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Do intellectual property rights on existing technologies hinder subsequent innovation?

Date:
March 27, 2013
Source:
University of Chicago Press Journals
Summary:
A recent study suggests that some types of intellectual property rights discourage subsequent scientific research.

A recent study published in the Journal of Political Economy suggests that some types of intellectual property rights discourage subsequent scientific research.

"The goal of intellectual property rights -- such as the patent system -- is to provide incentives for the development of new technologies.However, in recent years many have expressed concerns that patents may be impeding innovation if patents on existing technologies hinder subsequent innovation," said Heidi Williams, author of the study."We currently have very little empirical evidence on whether this is a problem in practice."

Williams investigated the sequencing of the human genome by the public Human Genome Project and the private firm Celera. Genes sequenced first by Celera were covered by a contract law-based form of intellectual property, whereas genes sequenced first by the Human Genome Project were placed in the public domain. Although Celera's intellectual property lasted a maximum of two years, it enabled Celera to sell its data for substantial fees and required firms to negotiate licensing agreements with Celera for any resulting commercial discoveries.

By linking a number of different datasets that had not previously been used by researchers, Williams was able to measure when genes were sequenced, which genes were held by Celera's intellectual property, and what subsequent investments were made in scientific research and product development on each gene. Williams' conclusion points to a persistent 20-30 percent reduction in subsequent scientific research and product development for those genes held by Celera's intellectual property.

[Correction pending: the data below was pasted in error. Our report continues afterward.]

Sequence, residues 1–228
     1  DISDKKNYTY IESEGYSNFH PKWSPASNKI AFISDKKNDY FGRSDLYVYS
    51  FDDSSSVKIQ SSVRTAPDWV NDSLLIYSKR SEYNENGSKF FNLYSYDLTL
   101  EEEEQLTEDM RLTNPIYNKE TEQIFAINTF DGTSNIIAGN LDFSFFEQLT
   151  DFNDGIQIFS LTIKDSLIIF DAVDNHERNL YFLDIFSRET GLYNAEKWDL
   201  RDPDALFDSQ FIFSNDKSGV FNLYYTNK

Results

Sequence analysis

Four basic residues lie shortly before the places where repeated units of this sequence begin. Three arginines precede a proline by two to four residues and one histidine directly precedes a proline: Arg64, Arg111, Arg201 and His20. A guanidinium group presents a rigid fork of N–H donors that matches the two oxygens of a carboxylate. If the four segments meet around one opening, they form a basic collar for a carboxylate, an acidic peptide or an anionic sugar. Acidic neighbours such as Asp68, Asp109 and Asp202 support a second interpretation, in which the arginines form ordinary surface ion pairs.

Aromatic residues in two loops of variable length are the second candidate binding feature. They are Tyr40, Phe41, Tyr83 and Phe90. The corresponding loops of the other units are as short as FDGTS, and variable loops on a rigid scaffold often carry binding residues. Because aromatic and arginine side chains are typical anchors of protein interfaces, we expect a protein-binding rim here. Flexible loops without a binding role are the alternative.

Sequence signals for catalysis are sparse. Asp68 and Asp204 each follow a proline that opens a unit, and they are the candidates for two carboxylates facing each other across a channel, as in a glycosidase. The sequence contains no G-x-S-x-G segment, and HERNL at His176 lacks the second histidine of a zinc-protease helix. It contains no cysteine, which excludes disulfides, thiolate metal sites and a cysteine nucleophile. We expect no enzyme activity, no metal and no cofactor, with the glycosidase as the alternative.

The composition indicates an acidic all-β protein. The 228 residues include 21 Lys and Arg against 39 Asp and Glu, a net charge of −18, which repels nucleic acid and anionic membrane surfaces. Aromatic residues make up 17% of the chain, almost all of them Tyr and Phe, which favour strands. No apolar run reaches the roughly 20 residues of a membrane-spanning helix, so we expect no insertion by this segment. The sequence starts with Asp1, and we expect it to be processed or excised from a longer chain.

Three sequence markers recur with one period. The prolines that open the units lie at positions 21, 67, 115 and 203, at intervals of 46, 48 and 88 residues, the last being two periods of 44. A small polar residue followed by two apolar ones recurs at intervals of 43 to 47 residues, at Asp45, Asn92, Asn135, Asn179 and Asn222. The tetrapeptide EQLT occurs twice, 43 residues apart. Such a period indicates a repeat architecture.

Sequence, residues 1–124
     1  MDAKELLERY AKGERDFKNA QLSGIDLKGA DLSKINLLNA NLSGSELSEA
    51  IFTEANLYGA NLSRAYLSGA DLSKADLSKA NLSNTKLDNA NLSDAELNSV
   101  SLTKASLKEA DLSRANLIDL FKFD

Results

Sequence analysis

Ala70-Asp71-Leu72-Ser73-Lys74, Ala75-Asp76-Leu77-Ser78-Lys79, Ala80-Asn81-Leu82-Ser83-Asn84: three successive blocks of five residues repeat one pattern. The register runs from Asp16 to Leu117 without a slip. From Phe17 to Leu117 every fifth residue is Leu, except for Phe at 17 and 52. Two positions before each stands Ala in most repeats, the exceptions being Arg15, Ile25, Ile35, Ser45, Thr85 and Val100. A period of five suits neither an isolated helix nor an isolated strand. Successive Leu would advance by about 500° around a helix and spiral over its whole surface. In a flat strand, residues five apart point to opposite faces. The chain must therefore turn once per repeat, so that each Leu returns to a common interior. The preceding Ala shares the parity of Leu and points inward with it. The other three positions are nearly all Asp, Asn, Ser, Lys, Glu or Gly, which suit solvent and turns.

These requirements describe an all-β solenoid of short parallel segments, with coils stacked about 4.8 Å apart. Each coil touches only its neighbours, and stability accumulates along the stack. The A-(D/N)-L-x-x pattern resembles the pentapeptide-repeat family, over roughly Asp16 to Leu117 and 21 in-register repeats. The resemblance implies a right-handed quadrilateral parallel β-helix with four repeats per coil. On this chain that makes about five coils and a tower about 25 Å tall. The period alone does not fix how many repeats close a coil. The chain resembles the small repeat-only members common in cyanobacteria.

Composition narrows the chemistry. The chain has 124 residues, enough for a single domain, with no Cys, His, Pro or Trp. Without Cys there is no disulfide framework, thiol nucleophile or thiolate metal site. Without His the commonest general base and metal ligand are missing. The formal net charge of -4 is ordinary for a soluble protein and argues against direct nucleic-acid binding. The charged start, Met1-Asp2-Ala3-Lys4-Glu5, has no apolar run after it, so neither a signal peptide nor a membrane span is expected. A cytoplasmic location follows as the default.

"My take-away from this evidence is that -- at least in some contexts -- intellectual property can have substantial costs in terms of hindering subsequent innovation," said Williams."The fact that these costs were -- in this context -- 'large enough to care about' motivates wanting to better understand whether alternative policy tools could be used to achieve a better outcome.It isn't clear that they can, although economists such as Michael Kremer have proposed some ideas on how they might.I think this is an exciting area for future work."


Story Source:

The above story is based on materials provided by University of Chicago Press Journals. Note: Materials may be edited for content and length.


Journal Reference:

  1. Heidi L. Williams. Intellectual Property Rights and Innovation: Evidence from the Human Genome. Journal of Political Economy, 121:1; February 2013

Cite This Page:

University of Chicago Press Journals. "Do intellectual property rights on existing technologies hinder subsequent innovation?." ScienceDaily. ScienceDaily, 27 March 2013. <www.sciencedaily.com/releases/2013/03/130327144133.htm>.
University of Chicago Press Journals. (2013, March 27). Do intellectual property rights on existing technologies hinder subsequent innovation?. ScienceDaily. Retrieved October 20, 2014 from www.sciencedaily.com/releases/2013/03/130327144133.htm
University of Chicago Press Journals. "Do intellectual property rights on existing technologies hinder subsequent innovation?." ScienceDaily. www.sciencedaily.com/releases/2013/03/130327144133.htm (accessed October 20, 2014).

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